The design is called Christmas Patchwork and it's from the Historical Sampler Company. I think I'm about half way through but it's solid stitching so even the smallest block takes quite a while.

While we were turning out a cupboard (yes, more sorting), I found my Granny's old needlepoint frame and decided it needed to be put to use. Working out how it went together was quite straightforward but then it took me a while to make some tension straps for the sides of the canvas.


This is when all that haberdashery sorting came into its own. I knew just where to find some dungaree clips and a roll of cotton tape to make straps that are easy to move when needed. I also had to make myself a new needle minder (of course I did). Self-cover buttons and extra strong magnets? No problem, already sorted.


I've set up the frame in my new bedroom. It's too nice a room just to sleep in. I can sit by the window and look out over the garden while I work and it stands against the wall in between sessions.


The canvas is a Primavera design called Shaker Village and I'm thoroughly enjoying 'colouring it in'. So far I've done a barn, a tree and a horse.


They also do a winter version of this design called Winter Village. Maybe when I finish this one I could do that one too?

In between all this craft and sorting (or at the same time if it's knitting), I'm always reading. I read a mixture of ebooks, real books and audiobooks, depending on what I'm doing. 


Do you remember me showing you my shelf of Abbey Girls books in my new bedroom? Well, I decided it was time to read through them in order. There are some I've never read and, although I don't have them all, I thought it would be nice to read them in order. I'm following the reading order recommended by the Elise J Oxenham Society rather than going by the date of publication. She re-visited the series later and filled in lots of gaps so this makes sense. 

I'm on the third of my books and am really enjoying them. My daughter has a few I don't have so I shall borrow those when I get to them and I'm hoping to find secondhand copies of the rest. There are half a dozen or so which are prohibitively expensive but, luckily, both the Oxenham Society and the publisher Girls Gone By issued paperback reprints of these. These are now out of print but you can get them secondhand.

I've only just found out that the Children's Press editions of three of the books (published in the 1960s) were heavily abridged, including my favourite The Abbey Girls in Town. I've just order myself an unabridged copy from one of my favourite Etsy shops tygertale. Isn't that exciting? One of my favourite books just got longer. 

Anyway, the other main thing I've been doing (with a lot of help) is gardening. I can only do a small amount at a time because of a) my chronic back condition and b) the Long Covid. In a way though, it's just as well the pain stops me as otherwise I'd be tempted to carry on which wouldn't do me any good at all. 

A few weeks ago my daughter helped me plant my latest purchase in the front garden.


One of three bundles of sticks / bare root roses that we've put in by the railings. One day they will be beautiful. My other roses (no, you can never have too many roses) are all full of buds and the first flower appeared about ten days ago.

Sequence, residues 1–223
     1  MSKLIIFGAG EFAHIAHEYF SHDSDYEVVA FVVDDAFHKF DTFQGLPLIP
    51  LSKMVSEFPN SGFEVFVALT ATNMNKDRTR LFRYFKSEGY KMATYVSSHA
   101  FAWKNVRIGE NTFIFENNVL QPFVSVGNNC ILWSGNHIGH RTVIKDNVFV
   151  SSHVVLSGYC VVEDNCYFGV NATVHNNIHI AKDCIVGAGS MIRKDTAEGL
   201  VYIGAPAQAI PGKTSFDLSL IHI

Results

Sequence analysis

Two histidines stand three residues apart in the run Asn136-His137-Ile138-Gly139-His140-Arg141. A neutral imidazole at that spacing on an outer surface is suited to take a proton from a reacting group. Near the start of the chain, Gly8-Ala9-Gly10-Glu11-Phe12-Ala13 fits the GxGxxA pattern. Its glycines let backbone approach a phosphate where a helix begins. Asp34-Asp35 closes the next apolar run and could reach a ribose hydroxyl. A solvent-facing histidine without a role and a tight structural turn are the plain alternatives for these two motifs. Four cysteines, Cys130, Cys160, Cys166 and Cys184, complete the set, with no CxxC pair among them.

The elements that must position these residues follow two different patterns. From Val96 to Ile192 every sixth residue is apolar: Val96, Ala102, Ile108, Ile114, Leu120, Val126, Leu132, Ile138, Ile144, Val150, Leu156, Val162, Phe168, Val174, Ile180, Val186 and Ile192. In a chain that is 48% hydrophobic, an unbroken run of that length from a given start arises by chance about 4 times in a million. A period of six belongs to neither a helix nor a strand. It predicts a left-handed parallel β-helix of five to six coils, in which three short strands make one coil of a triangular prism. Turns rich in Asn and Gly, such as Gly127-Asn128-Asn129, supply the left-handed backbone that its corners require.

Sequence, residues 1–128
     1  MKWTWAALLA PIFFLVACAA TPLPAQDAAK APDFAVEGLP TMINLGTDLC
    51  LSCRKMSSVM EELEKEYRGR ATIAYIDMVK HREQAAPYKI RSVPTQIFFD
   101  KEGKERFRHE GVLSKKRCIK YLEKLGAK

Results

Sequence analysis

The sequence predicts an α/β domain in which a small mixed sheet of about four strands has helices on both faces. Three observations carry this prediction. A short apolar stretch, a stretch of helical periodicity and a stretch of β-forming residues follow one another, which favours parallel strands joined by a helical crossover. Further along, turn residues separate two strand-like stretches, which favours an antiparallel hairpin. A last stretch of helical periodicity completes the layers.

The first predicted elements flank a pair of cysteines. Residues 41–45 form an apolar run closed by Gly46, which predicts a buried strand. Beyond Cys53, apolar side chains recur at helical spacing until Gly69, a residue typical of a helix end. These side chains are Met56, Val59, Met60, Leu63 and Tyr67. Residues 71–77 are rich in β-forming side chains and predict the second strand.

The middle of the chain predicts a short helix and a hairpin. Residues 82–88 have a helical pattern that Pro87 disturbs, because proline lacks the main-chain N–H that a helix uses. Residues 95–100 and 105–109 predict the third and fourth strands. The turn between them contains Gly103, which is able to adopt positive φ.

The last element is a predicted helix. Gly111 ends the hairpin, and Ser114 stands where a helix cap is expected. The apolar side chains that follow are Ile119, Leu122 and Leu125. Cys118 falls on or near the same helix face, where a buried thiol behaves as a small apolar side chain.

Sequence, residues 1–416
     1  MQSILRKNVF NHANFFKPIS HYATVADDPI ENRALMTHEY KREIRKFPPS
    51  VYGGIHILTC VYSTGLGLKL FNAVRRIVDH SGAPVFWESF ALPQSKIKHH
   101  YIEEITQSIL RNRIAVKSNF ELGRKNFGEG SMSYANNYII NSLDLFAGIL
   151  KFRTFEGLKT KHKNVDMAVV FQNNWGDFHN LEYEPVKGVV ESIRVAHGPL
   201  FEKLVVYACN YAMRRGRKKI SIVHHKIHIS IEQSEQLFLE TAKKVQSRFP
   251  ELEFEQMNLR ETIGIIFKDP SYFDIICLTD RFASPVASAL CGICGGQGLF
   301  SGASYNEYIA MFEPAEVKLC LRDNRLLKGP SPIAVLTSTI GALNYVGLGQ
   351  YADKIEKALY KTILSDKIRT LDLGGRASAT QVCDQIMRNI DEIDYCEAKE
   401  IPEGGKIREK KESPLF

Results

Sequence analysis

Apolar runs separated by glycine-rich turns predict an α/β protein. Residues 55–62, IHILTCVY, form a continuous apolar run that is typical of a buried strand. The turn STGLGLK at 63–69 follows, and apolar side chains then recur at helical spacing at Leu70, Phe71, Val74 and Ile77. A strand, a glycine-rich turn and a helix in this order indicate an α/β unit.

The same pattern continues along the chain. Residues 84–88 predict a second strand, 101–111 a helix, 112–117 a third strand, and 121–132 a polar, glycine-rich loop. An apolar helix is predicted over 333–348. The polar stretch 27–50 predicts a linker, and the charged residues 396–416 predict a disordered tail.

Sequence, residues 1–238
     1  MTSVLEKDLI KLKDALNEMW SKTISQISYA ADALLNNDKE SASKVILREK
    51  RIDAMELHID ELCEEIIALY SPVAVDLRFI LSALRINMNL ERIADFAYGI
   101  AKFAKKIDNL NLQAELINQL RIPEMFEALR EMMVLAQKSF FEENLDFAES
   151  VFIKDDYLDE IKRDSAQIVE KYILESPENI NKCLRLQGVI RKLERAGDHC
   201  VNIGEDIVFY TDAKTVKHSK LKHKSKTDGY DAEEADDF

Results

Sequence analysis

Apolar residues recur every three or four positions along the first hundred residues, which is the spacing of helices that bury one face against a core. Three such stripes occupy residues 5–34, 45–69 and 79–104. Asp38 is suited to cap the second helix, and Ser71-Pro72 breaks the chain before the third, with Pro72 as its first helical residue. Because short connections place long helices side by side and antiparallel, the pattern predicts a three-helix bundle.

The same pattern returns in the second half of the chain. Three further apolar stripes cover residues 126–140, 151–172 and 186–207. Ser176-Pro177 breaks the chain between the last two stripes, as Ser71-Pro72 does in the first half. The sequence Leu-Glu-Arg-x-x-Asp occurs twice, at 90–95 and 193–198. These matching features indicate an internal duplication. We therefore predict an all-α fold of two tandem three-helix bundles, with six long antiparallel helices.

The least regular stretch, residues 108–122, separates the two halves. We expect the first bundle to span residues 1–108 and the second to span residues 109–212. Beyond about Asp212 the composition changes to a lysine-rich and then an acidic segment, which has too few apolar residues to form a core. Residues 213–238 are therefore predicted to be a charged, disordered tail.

This is  Kew Gardens, now a nice little shrub, although this one too was a mere bundle of sticks two years ago. There's hope for the others yet.

One more thing before I go. I've been fascinated to watch the progress of this year's Sheffield Peregrines who hatched the other week. I don't look too closely at feeding time - head of a pigeon anyone? - but seeing the chicks grow is amazing. Have a look.

Saturday 13 April 2024

Knitted Petal Pouches

After the sewn Petal Pouch pattern that I published earlier this week, here is a pattern for a knitted version.


I think these are easier to make than the sewn ones and, as you can see, they come in three sizes too. They are knitted flat in four simple garter stitch pieces and then sewn together. Drawstrings are threaded through a line of eyelets to close the pouches.


They hold more than you'd think they would. This smallest one only uses 20g of yarn all together and would make a good jewellery pouch to take with you on your travels.


Or maybe you need to pack some emergency yarn ...


Whatever you decide to use yours for, I hope you enjoy knitting them. Click on the link below to download the free pattern.

Petal Pouches


Wednesday 10 April 2024

More Sewing Patterns

 Two more free patterns for you today. Actually, I've just tidied this one up a bit.

Music Bag

I always hankered after one of those leather music bags with one handle and a metal bar as a child, not realising how expensive they were. So I settled for a carrier bag or just clutched my music in my sticky little hands. This sewn version is much cheaper, much prettier and would also work as a book bag.

The second pattern is my version of these little Petal Pouches. I made these to hold little Easter eggs but they would hold any number of little things. 


You can download either of these patterns, together with my tote bags by clicking on the link at the side, under 'My Free Sewing Patterns'. I think I might have managed to set the links so that they go to the actual pattern now but who knows? Blogger can be very, very confusing.

I've also worked out a knitted version of the Petal Pouch which is nearly ready to publish. This one comes in three different sizes.


I'll let you know when it's ready.